Has China Soft Power

China's idea of ​​soft power

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On August 8, 2008, more than a billion people saw the grandiose opening ceremony of the Beijing Olympic Games worldwide. China presented itself to the world as a peaceful and friendly country. Many praised the extravagant ceremony, in which around 15,000 performers took part, as "the largest in the history of the Olympic Games". But few suspected that it was an important symbolic harbinger - namely, the first demonstration of China and its power in a new ideological contest after the end of the Cold War.

The Chinese Communist Party (CCP) is well equipped to enter this competition. In 2007 she devised a plan to "strengthen culture as part of soft power". Soft power is a term coined by the American political scientist Joseph Nye. He tried to describe the great influence that a country's charisma and attraction can develop politically. President Xi Jinping follows this idea when he describes grandiose-sounding, if rather vaguely defined visions of the "Chinese dream", the "Chinese model" and "the peaceful rise" of a strong China. It is difficult to precisely quantify the effectiveness of this party's strategy. All we know is that it spends astronomical sums of money building up soft power; estimates put it at ten billion dollars a year; however, the exact use of the money is unclear.

In any case, China's attractiveness seems to have grown rapidly over the past ten years. At the same time, doubts about Western democracy have grown steadily, even among those in the East and West who see themselves as opponents of the authoritarian Chinese system.

The most attractive thing about China is its sheer size. Size matters, and enormous size paralyzes people. Again and again I have seen foreign business people who were intimidated by its economic power after their first visit to China - this also applies to many who are anything but convinced of the political and economic approaches of the rulers in Beijing. It can seem quite normal to come to such a conclusion: Decades of the Chinese economic miracle seem to prove that something is right about the system, if not a superior one. Many countries today take China as a model when they push investments in innovation, industrial production, IT and infrastructure in general. There is actually a lot to learn there.

The western self-doubt

Sometimes the western self-doubts go so far that the boundaries between political judgment and economic consideration are unnecessarily blurred. In an interview with the Focus For example, the journalist and China expert Frank Sieren pleaded for reconsidering China's strategy of creating a kind of national Internet and effectively excluding Facebook and Google from it: “We shouted 'censorship!'. Meanwhile, the Chinese are the only ones Have alternatives to Amazon, Facebook & Co. So there is more competition globally. We Europeans, on the other hand, have hardly anything to oppose the Americans. Who has now acted smarter? " Questions like these are absurd and lead astray, possibly without the person asking them realizing it. They presuppose that the Chinese government's censorship measures and attempts to control their minds are something like clever moves that are made for the benefit of their own people. It would be much more important, instead, to look at the real reasons for the slow development of European internet companies.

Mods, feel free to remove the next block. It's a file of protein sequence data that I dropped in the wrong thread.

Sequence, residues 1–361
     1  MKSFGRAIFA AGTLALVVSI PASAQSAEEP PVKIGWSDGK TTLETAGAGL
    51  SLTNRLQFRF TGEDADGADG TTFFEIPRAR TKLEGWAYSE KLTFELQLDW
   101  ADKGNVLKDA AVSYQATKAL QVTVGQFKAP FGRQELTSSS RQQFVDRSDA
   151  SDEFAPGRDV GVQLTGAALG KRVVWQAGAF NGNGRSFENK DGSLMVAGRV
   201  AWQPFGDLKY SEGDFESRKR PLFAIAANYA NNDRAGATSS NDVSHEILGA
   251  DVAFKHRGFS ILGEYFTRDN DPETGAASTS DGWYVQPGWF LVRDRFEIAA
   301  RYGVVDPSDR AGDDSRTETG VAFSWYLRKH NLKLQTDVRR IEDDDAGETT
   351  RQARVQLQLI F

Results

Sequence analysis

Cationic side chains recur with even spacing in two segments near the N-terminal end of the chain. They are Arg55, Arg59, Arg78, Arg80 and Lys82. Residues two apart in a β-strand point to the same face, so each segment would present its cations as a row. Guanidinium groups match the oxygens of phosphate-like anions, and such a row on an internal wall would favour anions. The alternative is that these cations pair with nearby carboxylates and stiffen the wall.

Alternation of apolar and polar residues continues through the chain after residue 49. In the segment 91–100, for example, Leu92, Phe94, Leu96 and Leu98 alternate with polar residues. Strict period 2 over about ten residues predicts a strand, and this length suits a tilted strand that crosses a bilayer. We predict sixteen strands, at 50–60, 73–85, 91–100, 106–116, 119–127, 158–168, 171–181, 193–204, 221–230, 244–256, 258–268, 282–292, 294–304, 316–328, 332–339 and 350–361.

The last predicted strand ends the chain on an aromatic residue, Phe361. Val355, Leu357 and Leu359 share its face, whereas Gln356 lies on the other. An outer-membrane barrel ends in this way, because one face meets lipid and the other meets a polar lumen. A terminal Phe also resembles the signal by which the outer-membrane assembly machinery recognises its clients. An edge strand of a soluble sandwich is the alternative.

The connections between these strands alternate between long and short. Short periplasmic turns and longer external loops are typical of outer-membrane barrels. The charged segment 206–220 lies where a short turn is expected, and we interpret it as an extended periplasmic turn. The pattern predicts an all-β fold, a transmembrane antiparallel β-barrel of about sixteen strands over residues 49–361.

Without a doubt, the pace, efficiency, vitality and the apparent stability of the Chinese model are attractive. In his downright grouchy book The China Model: Political Meritocracy and the Limits of Democracy The Canadian political scientist Daniel A. Bell, who teaches at universities in Shandong and Beijing, argues with some zeal the following thesis: China has developed a model of democratic meritocracy that is morally desirable and politically stable and can thus avoid the crucial weaknesses of an electoral democracy. At Bell, of course, there is no mention of the enormous human costs that the Chinese pay for this apparently superior model. 15 years ago his theses would have been simply laughed at in the USA. In view of the developments since the 2008/2009 financial crisis, it can hardly be denied that the democracies are struggling, for example with debates on economic justice: While a prosperous middle class has emerged in China during this period, it is shrinking in many Western countries. The gap between rich and poor widened, and fears of economic decline began to rampant.

China also seems to be a good role model for some representatives of right-wing populist movements in Europe who are trying to profit from the deep disappointment in Western societies. The AfD member of the Bundestag Markus Frohnmaier, for example, called on Germany to learn from China and its idea of ​​a new Silk Road, because the country “obviously has an economic development strategy that works. It works in China, it works in Africa, it works in Europe and even in Duisburg ". Alice Weidel named China two years ago as a positive counter-example to discredit Angela Merkel's refugee policy: "The Chinese place great value on border security." Weidel's statement was true, in the coldest possible way: the Chinese government controls the borders of Xinjiang and Tibet with cameras and drone patrols, the inhabitants of these provinces cannot leave their cities and villages unobserved.